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Winter 2009
 
John Cushnie On...
 

Plant A Stone Wall
3rd December 2009

Stone is making a come back and newly built dry stone walls are common in our countryside. Frequently I find that old, field boundary hedges have been planted in line with, and are hiding, a lovely natural stone wall.

The difference is that most of the modern walls are constructed using mortar but it is hidden from view leaving the cracks and crannies at the face of the wall unfilled.

Dry Stone WallWith “proper” dry stone building no mortar is used with each stone balancing on the lower slab.

Planting such walls is great fun but there are some conditions. The selected plants should be small, non-vigorous specimens that won’t cover the wall spoiling the natural look of the stones. They need to be tolerant of drought conditions and a restricted rooting area.

Dry stone wall with flowersTrailing plants work well but need to be well spaced otherwise they smother the lower plants. Avoid ivy varieties that will become invasive.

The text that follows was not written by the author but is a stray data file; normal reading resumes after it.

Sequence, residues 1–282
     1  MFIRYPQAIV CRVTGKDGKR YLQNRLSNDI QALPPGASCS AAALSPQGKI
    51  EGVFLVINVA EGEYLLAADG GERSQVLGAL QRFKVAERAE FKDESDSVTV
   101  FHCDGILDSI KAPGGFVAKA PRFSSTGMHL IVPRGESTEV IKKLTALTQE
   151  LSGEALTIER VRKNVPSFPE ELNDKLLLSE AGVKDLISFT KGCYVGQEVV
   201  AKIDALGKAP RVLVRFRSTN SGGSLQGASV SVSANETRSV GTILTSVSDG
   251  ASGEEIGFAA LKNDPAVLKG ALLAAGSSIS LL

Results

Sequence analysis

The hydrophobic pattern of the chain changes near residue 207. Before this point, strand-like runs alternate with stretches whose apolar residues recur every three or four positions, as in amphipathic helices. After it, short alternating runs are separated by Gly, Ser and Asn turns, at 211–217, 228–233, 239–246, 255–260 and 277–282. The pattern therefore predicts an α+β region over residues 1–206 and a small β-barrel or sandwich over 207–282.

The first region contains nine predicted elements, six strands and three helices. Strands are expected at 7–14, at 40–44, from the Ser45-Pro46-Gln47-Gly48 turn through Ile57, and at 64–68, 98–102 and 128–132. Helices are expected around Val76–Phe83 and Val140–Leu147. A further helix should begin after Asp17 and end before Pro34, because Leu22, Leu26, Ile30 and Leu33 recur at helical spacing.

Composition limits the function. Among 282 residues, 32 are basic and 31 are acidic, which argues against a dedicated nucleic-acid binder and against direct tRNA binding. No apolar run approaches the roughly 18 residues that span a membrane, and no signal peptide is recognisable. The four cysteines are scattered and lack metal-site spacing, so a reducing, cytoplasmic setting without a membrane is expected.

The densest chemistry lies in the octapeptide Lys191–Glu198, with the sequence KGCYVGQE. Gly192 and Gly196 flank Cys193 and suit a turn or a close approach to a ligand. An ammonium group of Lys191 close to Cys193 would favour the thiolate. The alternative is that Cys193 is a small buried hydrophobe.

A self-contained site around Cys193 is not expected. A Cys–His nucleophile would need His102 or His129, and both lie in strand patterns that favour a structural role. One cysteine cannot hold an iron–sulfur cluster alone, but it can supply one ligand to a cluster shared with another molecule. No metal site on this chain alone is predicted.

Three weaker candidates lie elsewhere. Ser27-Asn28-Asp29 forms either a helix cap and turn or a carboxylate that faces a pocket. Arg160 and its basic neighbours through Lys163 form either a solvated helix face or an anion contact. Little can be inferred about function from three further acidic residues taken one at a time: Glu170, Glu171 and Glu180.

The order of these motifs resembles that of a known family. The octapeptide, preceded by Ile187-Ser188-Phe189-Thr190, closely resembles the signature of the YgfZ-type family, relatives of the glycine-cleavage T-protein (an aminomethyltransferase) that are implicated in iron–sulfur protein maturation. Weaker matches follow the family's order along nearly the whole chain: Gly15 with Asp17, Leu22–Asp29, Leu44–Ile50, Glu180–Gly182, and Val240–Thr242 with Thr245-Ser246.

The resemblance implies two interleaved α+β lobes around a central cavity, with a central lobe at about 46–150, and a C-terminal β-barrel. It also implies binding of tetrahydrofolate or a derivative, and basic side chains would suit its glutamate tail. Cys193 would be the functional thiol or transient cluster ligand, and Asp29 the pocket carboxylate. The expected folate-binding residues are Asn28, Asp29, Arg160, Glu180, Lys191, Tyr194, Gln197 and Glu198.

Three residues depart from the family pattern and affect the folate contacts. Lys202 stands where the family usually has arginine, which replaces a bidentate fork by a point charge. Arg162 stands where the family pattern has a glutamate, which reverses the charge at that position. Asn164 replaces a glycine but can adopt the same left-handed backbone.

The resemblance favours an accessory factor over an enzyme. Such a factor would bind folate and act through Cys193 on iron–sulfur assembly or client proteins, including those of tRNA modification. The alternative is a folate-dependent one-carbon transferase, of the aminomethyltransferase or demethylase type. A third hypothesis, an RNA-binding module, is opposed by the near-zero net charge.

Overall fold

Small alpines are ideal and some such as Lewesia cotyledon with rosettes of leaves are best planted on their side as this prevents rain lying on and rotting the foliage.

It is possible to have a selection of herbs growing on a wall with chives, thyme, mint and marjoram growing in small gaps.
Foxgloves love the free draining conditions and if planted at the base of the wall look exactly as they would in the wild, growing beside a granite boulder wall in the Mourne mountains.

Snails may be a serious pest as they love to hide in such walls and constant attention and baiting will be needed to deter them.

Dry Stone wallIf the wall is being built then that is the time to insert the small plants along with as much soil as the crack or gap will hold. If the stone above the plant is sloped backwards then rain will trickle down to the roots of the plant.
For existing walls it is essential that the plants are simply rooted cuttings or seedlings that will establish and grow to fill the root zone available. Larger plants will sulk and probably die.

Don’t be tempted to use any of the multi-purpose composts. They will be prone to drying out without much chance of a good soaking. Use a sterilized soil without any fertilizer.

 

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